COMMONS

Leasehold reform inquiry launched

24 July 2018

The Housing, Communities and Local Government Committee has launched an inquiry into the Government’s leasehold reform programme and in particular how existing leaseholders in both houses and flats facing onerous leasehold terms can be supported.

The inquiry will examine progress made on leasehold reform, following the conclusion of the Government’s consultation on tackling unfair practices in the leasehold market in 2017.

The Government is currently working with the Law Commission on certain issues relating to existing leaseholders and has pledged to bring forward legislation and consult further on banning new leasehold houses and restricting ground rents.

However, the Committee is particularly concerned with what more can be done for existing leaseholders, in both houses and flats, affected by onerous terms such as high service and administrative charges, and large increases in ground rents.

Chair's comments

Clive Betts MP, Chair of the Housing, Communities and Local Government Committee, said:

"With around four million leasehold homes in England, they make up a significant part of the private home ownership sector. We’ve heard however that leaseholders often come up against significant issues which affect their rights, from high service charges with a lack of transparency through to excessive ground rents and barriers to buying freeholds. The Government has said it is committed to various reforms to tackle some of the troubling practices in the sector. As a Committee, we will want to examine the effectiveness of the existing proposals, find out what more needs to be done to boost confidence in the system and ensure fairness for both existing and future leaseholders."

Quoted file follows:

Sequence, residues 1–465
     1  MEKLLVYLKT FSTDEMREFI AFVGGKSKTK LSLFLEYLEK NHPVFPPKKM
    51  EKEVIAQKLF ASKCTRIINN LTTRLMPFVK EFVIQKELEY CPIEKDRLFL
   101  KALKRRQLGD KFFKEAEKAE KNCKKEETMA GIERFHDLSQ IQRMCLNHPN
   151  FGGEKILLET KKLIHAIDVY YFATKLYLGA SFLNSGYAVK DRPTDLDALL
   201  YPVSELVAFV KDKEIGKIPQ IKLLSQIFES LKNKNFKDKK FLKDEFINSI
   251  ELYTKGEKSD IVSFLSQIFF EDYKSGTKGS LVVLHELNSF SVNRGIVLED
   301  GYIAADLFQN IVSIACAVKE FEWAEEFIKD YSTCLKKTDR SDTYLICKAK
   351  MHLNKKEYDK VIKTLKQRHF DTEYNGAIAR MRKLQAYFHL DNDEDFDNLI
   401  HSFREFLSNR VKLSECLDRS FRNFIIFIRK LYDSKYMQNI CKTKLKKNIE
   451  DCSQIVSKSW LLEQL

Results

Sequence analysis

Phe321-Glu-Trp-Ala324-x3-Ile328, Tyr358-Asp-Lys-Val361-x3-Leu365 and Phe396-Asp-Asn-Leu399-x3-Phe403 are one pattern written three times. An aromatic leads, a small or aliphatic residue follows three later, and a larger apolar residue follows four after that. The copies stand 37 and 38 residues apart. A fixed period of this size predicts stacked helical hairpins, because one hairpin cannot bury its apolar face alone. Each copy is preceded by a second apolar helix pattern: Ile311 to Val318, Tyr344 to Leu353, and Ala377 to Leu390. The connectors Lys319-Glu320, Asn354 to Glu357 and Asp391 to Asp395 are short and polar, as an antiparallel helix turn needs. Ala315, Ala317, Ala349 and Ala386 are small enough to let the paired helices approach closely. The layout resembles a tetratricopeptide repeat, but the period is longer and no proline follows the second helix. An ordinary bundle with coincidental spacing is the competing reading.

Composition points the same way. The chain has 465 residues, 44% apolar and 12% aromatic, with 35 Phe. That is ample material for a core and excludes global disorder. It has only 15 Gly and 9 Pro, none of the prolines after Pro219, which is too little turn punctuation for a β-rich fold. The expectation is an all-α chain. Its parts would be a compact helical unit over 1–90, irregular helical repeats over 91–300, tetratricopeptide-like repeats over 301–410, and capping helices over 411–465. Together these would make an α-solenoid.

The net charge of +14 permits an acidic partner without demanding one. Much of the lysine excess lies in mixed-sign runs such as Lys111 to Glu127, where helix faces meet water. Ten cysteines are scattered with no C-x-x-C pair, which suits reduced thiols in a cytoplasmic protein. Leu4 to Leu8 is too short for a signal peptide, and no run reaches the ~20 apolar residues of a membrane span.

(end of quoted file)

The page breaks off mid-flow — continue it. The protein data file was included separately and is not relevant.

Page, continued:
Get involved

The Committee is inviting submissions on:

  • The adequacy of the Government’s programme of work on residential leasehold reform, including (a) its application to existing leaseholders in both houses and flats and (b) whether further reforms should be introduced;
  • What support and government intervention can be provided to existing leaseholders, in both houses and flats, affected by onerous leasehold terms; and
  • What are the implications of providing such support and government intervention to these existing leaseholders.

The deadline for written submissions has been extended to Friday 14 September 2018.

Further information

Image: Crown copyright

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